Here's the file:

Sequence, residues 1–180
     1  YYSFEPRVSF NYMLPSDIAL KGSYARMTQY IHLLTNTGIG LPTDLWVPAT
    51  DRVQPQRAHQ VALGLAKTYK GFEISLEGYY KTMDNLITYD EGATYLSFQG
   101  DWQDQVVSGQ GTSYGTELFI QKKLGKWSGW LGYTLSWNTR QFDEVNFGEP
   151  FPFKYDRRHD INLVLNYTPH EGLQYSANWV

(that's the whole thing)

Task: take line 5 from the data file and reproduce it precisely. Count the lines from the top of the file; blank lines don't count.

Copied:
   151  FPFKYDRRHD INLVLNYTPH EGLQYSANWV